Superbugs have colonized the International Space Station—but there's a silver lining

international space station
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Astronauts leave behind many things when they boldly go. Bacteria, however, stay with them.

Extreme spaceflight conditions can force these to toughen up, while simultaneously lowering the immune defenses of the stressed, isolated crew. These effects—and the risk of infection—grow with mission duration.

Now researchers have taken another small step towards , by testing a new silver- and ruthenium-based antimicrobial aboard the International Space Station (ISS). Published in Frontiers in Microbiology, their study shows that the AGXX dramatically reduced the number of bacteria on contamination-prone surfaces—and could help protect future astronauts beyond the moon and Mars.

A perfect storm

Microgravity. Cosmic radiation. Psychological stress. Unearthly conditions at the ISS create a perfect storm of weakened immune system and strengthened bacteria, that can put its crew at risk.

"Spaceflight can turn harmless bacteria into potential pathogens," says senior study author Prof. Elisabeth Grohmann of Beuth University of Applied Sciences Berlin. "Just as stress hormones leave astronauts vulnerable to infection, the bacteria they carry become hardier—developing thick protective coatings and resistance to antibiotics—and more vigorous, multiplying and metabolizing faster."

To make matters worse, the genes responsible for these new traits can be readily shared among different species of bacteria, via direct contact or in the 'matrix' of slime they secrete—creating new bad guys, Agent Smith-style.

The silver lining

To address this problem, Grohmann and colleagues tested a new antimicrobial coating, AGXX, on a contamination-prone aboard the ISS: the toilet door.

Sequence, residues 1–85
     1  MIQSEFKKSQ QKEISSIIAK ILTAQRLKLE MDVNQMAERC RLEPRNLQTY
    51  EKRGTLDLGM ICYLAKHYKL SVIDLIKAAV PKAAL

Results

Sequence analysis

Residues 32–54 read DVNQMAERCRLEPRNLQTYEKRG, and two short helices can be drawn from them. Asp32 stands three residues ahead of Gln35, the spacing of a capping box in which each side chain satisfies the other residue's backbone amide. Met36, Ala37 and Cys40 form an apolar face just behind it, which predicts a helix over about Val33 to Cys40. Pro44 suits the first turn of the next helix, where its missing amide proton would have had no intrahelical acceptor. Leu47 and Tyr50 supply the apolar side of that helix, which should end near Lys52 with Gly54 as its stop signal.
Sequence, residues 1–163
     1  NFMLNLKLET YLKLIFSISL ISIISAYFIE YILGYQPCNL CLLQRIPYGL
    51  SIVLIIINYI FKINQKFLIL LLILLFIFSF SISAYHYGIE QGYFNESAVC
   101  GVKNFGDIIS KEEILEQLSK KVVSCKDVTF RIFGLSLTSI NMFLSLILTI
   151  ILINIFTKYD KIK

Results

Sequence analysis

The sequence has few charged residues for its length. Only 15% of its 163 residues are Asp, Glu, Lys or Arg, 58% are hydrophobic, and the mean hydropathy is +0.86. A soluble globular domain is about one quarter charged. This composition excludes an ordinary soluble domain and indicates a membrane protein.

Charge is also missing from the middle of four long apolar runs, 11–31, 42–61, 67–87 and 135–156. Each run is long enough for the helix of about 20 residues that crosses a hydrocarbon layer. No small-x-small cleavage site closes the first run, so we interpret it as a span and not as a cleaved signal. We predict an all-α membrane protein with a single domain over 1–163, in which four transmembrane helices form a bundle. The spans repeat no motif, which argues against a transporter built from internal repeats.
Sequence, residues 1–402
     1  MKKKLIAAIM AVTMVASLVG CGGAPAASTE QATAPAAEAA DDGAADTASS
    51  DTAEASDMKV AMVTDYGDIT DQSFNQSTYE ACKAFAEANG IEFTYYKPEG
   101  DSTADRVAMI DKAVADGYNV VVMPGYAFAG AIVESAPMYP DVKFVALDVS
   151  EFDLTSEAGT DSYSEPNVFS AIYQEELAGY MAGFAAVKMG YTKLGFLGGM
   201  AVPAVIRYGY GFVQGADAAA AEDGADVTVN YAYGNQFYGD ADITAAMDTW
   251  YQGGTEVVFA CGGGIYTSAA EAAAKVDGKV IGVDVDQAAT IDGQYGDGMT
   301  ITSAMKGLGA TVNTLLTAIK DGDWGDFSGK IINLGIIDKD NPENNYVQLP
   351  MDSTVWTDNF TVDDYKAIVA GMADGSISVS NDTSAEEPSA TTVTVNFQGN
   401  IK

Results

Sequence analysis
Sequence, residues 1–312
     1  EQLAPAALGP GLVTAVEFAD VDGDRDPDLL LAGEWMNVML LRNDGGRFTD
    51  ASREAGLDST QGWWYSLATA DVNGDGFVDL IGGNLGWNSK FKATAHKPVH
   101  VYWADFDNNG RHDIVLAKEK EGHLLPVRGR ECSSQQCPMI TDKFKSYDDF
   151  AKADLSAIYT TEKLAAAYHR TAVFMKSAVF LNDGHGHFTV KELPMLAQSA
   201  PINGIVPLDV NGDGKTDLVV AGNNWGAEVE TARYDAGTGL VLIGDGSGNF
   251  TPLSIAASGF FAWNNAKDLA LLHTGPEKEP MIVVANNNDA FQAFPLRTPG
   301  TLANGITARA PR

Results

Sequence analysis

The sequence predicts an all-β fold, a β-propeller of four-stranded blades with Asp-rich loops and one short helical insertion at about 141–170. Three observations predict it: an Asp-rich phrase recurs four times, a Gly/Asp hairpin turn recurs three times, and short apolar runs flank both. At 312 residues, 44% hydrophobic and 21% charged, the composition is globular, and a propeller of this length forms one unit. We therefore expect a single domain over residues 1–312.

"AGXX contains both silver and ruthenium, conditioned by a vitamin derivative, and it kills all kinds of bacteria as well as certain fungi, yeasts and viruses. The effects are similar to bleach—except the coating is self-regenerating so it never gets used up," explains Grohmann.

Silver on its own has been used since prehistory to prevent microbial growth. Today it is found in everything from socks to swimming pools—which is perhaps why resistant bacteria have begun to emerge. AGXX is one of the latest attempts to reinvigorate this ancient antimicrobial.

A ray of hope

The AGXX coating proved to be highly effective.

"After 6 months exposure on the ISS, no bacteria were recovered from AGXX-coated surfaces," Grohmann reports.

Even at 12 and 19 months, a total of just 12 bacteria was recovered—a reduction of 80% compared to bare steel. A regular silver coating tested for comparison had only a slight antimicrobial effect, reducing the number of bacteria by 30% versus steel.

"With prolonged exposure time a few bacteria escaped the antimicrobial action. The antimicrobial test-materials are static surfaces, where dead cells, dust particles and cell debris can accumulate over time and interfere with the direct contact between the antimicrobial surface and the bacteria."

Weathering deep space

"Most importantly, no serious human pathogens were found on any surface. Thus, the infection risk for the ISS crew currently is low," stresses Grohmann.